Exploring the importance of local visits in developing wider narratives of change and continuity

Rethinking religious rollercoasters

Andrew Carey and Jez Rowson, last updated: 12th April 2019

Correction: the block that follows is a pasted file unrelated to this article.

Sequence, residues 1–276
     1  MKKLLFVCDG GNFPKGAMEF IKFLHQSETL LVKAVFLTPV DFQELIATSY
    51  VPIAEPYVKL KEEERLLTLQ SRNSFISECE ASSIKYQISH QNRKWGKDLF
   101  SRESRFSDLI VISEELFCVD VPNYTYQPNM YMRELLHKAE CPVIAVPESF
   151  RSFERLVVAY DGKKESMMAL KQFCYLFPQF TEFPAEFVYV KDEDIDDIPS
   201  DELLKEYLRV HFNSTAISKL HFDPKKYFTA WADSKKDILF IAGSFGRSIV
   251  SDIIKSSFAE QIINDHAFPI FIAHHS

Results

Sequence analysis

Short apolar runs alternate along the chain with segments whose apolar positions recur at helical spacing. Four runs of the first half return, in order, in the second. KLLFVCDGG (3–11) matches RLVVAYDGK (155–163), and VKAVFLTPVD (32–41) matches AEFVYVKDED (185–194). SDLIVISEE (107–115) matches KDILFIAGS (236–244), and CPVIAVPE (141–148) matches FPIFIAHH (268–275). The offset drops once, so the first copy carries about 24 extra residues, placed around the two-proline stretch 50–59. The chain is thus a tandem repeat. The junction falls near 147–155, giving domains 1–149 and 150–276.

The authors of this article take a well-known structural framework for students’ thinking about the Reformation and give it a twist. Their Tudor religious rollercoaster is informed by local visits in their setting in Guernsey – an area where the local picture was not quite the same as the national one. Their Year 8s were able to place their local narrative into its wider national and international frameworks. Carey and Rowson also examine the tricky issue of how to structure a particular chunk of learning so that students have access to what they need to know, and are not overwhelmed; so students have access to overview and depth, and can see the relationships between them; and also so students use local visits not just as disconnected extras but as integral parts of their curriculum.

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